How do genes work?
A gene is a section of DNA (deoxyribonucleic acid) inside every cell in the body which carries a set of instructions for that cell, telling it what to do and when. This might be an instruction to make a specific protein, or to grow or divide. Every cell in the body has roughly 25,000 genes.
Most of these genes reside within chromosomes, which are long DNA chains formed around a specific protein (histone). There are 22 pairs of 'autosomes' (non-sex chromosomes) and one pair of sex chromosomes (XX in women and XY in men), making 46 chromosomes (23 pairs) in total. Germ cells - sperm cells and egg cells have only 23 chromosomes. When an egg cell is fertilised by a sperm cell, the child inherits one chromosome from each parent.
As all cells contain the same instruction set, they selectively turn on and off particular genes to create the specialised cell that is needed in that part of the body, for example to become a skin cell or a blood cell. Some genes are permanently activated (for example to make specific proteins) and some genes are switched off once they have played their role.
How are genes linked to cancer?
Cancer occurs when there are changes (mutations) in the way genes function which in turn affect how the cell works, particularly how the cell grows and divides.
There are two broad types of genetic mutations:
- They can be inherited from our parents, where these changes were present in the germ cells. Called 'germline changes' these are contained in every cell in the body. Cancers caused by hereditary factors account for 5-10% of all cancers*.
- They can occur in individual cells in the body caused by an external factor, such as UV radiation (from exposure to the sun) or other radiation, or exposure to cancer-causing (carcinogenic) substances such as tobacco smoke. These changes are called 'somatic' or 'acquired' changes. Cancers caused by acquired factors account for 90-95% of all cancers *.
There are also differences in these mutations - some may affect only one nucleotide (a 'unit' of DNA) and others may affect larger sections of the DNA. And in other cases, the changes are not in the DNA itself, but in chemical marks ('epigenetic modifications') that determine if the gene is 'expressed'.
Once a cancer cell has formed, it will often also mutate again, creating yet more changes within the collection of cancerous cells - the tumour.
*sometimes it may appear that specific cancers run in families, however this may not be due to hereditary factors, it may instead be due to common lifestyle factors, for example smoking.
Common gene mutations
There are many genes where a mutation may be associated with cancer. These mutations are sometimes hereditary, but most of the time mutations are only present within the tumours and are not passed on to other family members.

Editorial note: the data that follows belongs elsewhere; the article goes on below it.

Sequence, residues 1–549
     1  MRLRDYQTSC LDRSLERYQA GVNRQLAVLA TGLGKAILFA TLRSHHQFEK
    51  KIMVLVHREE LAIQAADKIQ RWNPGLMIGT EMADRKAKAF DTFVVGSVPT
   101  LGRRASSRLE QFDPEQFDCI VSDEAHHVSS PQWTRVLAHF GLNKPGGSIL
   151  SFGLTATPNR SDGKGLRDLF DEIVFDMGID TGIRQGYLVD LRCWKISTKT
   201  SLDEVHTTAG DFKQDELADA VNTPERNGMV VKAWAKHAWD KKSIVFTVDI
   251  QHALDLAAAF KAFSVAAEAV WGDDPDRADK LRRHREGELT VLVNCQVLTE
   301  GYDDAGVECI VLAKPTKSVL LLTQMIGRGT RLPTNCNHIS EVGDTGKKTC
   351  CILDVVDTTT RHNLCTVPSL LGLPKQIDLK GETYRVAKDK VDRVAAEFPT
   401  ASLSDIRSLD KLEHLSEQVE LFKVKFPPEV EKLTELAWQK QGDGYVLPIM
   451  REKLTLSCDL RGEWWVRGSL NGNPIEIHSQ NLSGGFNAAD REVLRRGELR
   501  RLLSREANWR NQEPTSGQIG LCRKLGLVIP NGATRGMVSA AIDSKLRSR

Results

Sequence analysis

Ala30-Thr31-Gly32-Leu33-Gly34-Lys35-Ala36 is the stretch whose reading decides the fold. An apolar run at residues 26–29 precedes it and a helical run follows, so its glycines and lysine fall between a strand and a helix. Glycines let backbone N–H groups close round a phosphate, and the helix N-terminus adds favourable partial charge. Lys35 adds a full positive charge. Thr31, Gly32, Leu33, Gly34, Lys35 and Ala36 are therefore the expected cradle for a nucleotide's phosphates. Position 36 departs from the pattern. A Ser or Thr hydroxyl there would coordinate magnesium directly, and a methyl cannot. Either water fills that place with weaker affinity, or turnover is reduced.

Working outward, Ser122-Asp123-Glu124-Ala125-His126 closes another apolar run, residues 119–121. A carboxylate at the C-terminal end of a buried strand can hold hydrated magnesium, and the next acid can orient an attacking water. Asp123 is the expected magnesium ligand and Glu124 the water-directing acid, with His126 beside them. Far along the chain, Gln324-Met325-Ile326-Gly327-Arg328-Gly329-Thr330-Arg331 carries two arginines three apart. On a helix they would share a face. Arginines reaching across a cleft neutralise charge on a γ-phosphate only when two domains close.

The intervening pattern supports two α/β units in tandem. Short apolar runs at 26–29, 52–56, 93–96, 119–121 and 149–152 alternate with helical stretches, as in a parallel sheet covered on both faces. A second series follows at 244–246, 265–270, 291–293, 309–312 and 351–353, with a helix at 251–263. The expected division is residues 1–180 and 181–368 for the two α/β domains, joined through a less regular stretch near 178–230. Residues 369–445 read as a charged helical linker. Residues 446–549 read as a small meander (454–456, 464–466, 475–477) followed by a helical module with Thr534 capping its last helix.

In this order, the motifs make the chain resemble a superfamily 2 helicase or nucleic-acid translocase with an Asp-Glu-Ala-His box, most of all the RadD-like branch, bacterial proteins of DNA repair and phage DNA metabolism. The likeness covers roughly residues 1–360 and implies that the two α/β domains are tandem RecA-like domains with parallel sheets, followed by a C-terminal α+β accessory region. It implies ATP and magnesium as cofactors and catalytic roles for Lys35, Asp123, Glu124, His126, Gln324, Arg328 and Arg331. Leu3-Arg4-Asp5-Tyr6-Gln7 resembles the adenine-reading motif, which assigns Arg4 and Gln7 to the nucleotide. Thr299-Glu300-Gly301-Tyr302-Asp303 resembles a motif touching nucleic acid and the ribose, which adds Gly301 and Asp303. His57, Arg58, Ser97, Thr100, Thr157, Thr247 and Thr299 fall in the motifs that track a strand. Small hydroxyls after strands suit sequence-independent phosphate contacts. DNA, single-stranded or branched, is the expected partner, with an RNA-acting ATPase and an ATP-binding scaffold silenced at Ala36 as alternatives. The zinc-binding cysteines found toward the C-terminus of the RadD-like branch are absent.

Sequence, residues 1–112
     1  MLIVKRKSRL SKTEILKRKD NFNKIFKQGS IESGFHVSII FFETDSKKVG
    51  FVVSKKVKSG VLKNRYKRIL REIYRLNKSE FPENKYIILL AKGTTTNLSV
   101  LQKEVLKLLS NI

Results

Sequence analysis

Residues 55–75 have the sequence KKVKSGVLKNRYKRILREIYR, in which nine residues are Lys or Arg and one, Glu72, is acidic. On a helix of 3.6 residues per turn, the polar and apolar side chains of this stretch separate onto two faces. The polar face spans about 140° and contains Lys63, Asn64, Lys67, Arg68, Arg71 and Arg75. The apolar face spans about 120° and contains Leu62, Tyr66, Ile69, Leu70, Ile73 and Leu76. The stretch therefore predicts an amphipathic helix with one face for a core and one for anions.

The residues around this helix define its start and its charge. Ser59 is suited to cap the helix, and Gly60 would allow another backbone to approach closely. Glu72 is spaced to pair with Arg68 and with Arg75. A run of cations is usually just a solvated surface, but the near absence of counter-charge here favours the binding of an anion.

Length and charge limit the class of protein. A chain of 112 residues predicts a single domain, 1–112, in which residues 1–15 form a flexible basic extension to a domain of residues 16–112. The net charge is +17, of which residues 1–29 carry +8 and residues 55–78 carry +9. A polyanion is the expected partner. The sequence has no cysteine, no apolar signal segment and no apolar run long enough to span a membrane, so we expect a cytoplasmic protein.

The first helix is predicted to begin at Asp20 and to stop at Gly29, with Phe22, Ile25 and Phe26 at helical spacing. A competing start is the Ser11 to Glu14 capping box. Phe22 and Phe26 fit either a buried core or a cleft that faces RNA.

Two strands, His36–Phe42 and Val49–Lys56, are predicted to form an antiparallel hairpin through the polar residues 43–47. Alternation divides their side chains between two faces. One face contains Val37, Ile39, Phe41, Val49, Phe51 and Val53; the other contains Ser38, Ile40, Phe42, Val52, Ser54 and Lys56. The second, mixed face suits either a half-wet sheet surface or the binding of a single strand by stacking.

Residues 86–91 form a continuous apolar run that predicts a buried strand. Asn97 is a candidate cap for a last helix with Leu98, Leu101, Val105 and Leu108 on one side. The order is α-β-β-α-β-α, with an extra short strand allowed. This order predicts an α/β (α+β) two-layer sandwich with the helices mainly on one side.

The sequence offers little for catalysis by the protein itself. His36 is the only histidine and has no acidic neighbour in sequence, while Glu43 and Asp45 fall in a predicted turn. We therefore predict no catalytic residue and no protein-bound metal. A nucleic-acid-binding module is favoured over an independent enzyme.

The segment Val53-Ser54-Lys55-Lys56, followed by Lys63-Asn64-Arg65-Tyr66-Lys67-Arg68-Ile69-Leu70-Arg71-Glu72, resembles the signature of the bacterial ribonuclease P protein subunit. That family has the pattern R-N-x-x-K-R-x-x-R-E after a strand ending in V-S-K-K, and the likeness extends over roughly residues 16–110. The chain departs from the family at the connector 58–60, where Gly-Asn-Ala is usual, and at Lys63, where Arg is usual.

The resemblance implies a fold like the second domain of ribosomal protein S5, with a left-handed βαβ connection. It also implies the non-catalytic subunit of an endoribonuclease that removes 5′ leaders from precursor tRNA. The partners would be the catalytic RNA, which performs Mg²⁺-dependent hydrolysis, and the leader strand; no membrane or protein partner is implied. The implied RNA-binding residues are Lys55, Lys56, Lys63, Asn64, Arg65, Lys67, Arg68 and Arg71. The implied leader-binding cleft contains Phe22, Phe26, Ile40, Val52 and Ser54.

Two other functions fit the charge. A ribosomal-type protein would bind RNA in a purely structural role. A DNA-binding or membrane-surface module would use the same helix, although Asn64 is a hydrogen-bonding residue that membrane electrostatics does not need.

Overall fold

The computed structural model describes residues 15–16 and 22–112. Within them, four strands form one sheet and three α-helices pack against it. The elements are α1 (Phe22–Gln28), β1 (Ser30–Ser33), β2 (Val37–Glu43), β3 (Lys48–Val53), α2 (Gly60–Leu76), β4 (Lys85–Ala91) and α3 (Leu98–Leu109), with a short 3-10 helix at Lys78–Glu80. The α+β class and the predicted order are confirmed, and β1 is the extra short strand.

Examples of mutations in cancer include:
BRCA1 and BRCA2
These genes are often hereditary and are associated with a higher risk of developing breast cancer and ovarian cancer, and they may also be associated with pancreatic cancer, and prostate and breast cancer in men. Recently, targeted drugs (called PARP inhibitors) have been developed that can specifically target the abnormal DNA repair pathway that result from BRCA mutations, or from other genetic alterations similar to BRCA.
This is another gene that inhibits tumour growth, and a mutation in PTEN is associated with breast, thyroid and endometrial cancers.
This gene produces a protein that inhibits tumour growth, which can lead to a higher risk of developing certain cancer types. This mutation is the most common across all cancer types and is often a somatic (acquired) alteration.
Approximately half of melanomas have a mutation within a gene called BRAF. These mutations often enable the melanoma to grow and survive, and there are now drugs that can target this mutation (BRAF inhibitors) and can be very effective in shrinking advanced melanoma. These mutations are not hereditary, so there is no risk of ‘passing on’ the BRAF gene to your family. Testing for the mutation is often done on one of the biopsy samples from an area where the melanoma has spread.
BRAF mutations, and other genetic alterations in the same pathway, are sometimes also in a number of other cancers including ovarian and bowel cancers. Treatment with targeted drugs in these cases is still an experimental approach, and is an active area of research.
Genetic testing is considered where there is a strong possibility that a particular cancer may be hereditary, to determine whether the family member carries the specific gene mutation related to that cancer and to guide treatment options for those patients with identified, targetable mutations.